Tories blast Livingstone over skyscraper frenzy
Cameron’s policy group accuses architects of pandering to the ‘vulgarity of bigness’
The politician formulating Tory policy on the built environment has launched an unprecedented attack on tall buildings, claiming the London mayor is putting the capital’s heritage at risk and conspiring in the “vulgarity of bigness”.
John Gummer, the chairman of David Cameron’s quality of life group which is formulating party policy on architecture, compared Ken Livingstone’s support for tall buildings to that of Mussolini or Stalin and warned London’s world heritage sites are under threat.
Unesco’s world heritage committee is expected this month to rule on whether Westminster and the Tower of London should be placed on its heritage in danger list.
Gummer’s remarks, which were backed by the Liberal Democrats, is the strongest attack yet on tall buildings following criticism from the chief executive of English Heritage Simon Thurley and shadow minister for culture Ed Vaizey, who recently claimed Livingstone and the government were “in thrall to the skyscraper”.
“We mustn’t create a situation where mega-buildings threaten people,” Gummer said. “Mr Livingstone is a very old-fashioned man, and he’s been converted to the vulgarity of bigness. I rather suspect some architects support the vulgarity of bigness — it is what affected the totalitarian buildings of Mussolini and Stalin.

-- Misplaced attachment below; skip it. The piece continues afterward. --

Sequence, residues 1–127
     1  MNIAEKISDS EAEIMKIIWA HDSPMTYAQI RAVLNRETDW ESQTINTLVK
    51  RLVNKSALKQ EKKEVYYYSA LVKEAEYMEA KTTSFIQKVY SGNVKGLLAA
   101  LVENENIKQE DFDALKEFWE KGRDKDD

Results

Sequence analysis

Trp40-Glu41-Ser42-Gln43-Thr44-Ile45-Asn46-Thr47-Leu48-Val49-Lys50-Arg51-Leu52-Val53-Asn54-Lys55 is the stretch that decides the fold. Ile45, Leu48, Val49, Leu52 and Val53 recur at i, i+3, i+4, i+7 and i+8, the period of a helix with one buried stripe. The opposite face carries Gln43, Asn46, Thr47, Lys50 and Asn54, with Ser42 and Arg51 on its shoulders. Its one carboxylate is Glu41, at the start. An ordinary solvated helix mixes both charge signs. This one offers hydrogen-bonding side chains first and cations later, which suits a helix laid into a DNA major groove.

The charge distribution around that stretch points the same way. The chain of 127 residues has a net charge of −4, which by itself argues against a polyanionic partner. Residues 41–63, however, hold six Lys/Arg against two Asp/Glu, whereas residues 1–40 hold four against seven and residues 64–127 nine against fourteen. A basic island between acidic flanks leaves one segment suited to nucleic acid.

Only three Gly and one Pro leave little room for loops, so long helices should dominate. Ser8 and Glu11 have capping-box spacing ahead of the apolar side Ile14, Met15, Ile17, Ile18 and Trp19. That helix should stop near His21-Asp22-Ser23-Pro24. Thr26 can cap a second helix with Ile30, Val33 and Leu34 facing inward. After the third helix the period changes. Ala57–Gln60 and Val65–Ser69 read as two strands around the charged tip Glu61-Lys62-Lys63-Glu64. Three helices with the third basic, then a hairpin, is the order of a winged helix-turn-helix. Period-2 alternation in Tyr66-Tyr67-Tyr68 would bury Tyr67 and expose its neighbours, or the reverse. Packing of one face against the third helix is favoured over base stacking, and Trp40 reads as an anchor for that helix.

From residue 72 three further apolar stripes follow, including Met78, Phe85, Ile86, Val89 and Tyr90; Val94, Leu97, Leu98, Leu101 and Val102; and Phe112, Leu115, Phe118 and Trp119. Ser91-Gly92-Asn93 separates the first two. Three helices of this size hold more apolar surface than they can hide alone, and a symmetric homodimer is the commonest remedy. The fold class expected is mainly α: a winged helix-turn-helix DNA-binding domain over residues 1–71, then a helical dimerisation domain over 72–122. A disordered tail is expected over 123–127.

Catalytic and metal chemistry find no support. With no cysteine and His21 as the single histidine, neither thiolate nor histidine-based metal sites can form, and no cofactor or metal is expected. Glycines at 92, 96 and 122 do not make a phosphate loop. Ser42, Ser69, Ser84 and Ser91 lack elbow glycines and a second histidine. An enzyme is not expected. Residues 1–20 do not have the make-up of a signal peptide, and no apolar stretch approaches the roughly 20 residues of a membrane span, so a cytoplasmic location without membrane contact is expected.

“Unesco was right when it criticised us about the way we treat the placing of great buildings.”
Liberal Democrat president Simon Hughes also attacked Livingstone’s record, a move which suggests the two parties are keen to capitalise on growing public unease over skyscrapers. “The mayor is determined and pushy in trying to make suburban areas urban, and risking heritage sites,” he said.
But a spokeswoman for the mayor insisted tall buildings in the capital were a crucial response to the lack of affordable housing.
“The mayor’s policies pay specific attention to our valuable heritage,” she added. “They will only ever be approved where they are well designed and appropriate.”
Emerging policy from the tories
- Abolish Arb, possibly by giving the RIBA responsibility to register architects
- Scrap Building Regulations, replacing them with a set of standards to improve energy efficiency
- Reduce red tape, so planning is not needed for alterations to non-listed, non-conservation area houses built since 1945
- Oppose the introduction of any “land tax” such as the planning gain supplement
- Tighten tall buildings rules and introduce heritage “buffer zones” as Unesco advises